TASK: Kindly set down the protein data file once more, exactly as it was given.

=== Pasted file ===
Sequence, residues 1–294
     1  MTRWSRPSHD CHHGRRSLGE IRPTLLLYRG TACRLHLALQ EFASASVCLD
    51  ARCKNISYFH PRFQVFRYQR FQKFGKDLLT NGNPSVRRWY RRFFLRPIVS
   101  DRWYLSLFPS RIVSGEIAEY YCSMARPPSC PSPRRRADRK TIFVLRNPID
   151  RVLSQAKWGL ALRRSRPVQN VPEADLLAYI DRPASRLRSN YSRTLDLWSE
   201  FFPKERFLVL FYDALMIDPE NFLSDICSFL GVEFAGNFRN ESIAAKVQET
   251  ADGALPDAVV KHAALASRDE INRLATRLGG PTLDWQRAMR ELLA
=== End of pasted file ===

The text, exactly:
Sequence, residues 1–294
     1  MTRWSRPSHD CHHGRRSLGE IRPTLLLYRG TACRLHLALQ EFASASVCLD
    51  ARCKNISYFH PRFQVFRYQR FQKFGKDLLT NGNPSVRRWY RRFFLRPIVS
   101  DRWYLSLFPS RIVSGEIAEY YCSMARPPSC PSPRRRADRK TIFVLRNPID
   151  RVLSQAKWGL ALRRSRPVQN VPEADLLAYI DRPASRLRSN YSRTLDLWSE
   201  FFPKERFLVL FYDALMIDPE NFLSDICSFL GVEFAGNFRN ESIAAKVQET
   251  ADGALPDAVV KHAALASRDE INRLATRLGG PTLDWQRAMR ELLA